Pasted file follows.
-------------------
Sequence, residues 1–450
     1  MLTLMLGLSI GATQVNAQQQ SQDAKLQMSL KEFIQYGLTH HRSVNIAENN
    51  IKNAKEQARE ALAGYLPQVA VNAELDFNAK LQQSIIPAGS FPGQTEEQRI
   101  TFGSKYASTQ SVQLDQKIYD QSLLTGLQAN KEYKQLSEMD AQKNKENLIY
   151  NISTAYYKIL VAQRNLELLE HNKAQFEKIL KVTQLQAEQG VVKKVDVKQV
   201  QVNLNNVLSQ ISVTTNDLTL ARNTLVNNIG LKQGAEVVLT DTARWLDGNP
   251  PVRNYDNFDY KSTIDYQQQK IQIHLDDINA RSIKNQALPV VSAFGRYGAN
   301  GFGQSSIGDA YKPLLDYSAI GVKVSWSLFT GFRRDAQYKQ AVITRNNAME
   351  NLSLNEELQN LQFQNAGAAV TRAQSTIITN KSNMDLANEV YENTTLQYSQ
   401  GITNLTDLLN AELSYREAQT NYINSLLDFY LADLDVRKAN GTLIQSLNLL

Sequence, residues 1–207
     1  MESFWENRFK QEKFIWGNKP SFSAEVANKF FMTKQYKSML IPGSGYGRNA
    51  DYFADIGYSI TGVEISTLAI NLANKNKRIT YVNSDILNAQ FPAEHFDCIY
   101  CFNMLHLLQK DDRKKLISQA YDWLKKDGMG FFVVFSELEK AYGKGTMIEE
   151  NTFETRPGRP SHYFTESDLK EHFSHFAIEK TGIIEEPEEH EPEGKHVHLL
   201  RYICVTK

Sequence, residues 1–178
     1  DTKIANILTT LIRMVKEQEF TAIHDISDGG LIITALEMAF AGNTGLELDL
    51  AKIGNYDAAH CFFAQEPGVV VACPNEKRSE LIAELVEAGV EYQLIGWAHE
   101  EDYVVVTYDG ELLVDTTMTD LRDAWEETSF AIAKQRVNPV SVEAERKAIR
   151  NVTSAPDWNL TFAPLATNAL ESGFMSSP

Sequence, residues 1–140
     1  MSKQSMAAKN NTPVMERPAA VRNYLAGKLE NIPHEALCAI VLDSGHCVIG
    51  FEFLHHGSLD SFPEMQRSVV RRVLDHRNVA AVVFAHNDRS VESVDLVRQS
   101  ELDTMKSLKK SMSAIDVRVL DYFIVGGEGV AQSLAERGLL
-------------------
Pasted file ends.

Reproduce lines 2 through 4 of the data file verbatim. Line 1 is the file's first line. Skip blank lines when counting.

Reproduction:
     1  MLTLMLGLSI GATQVNAQQQ SQDAKLQMSL KEFIQYGLTH HRSVNIAENN
    51  IKNAKEQARE ALAGYLPQVA VNAELDFNAK LQQSIIPAGS FPGQTEEQRI
   101  TFGSKYASTQ SVQLDQKIYD QSLLTGLQAN KEYKQLSEMD AQKNKENLIY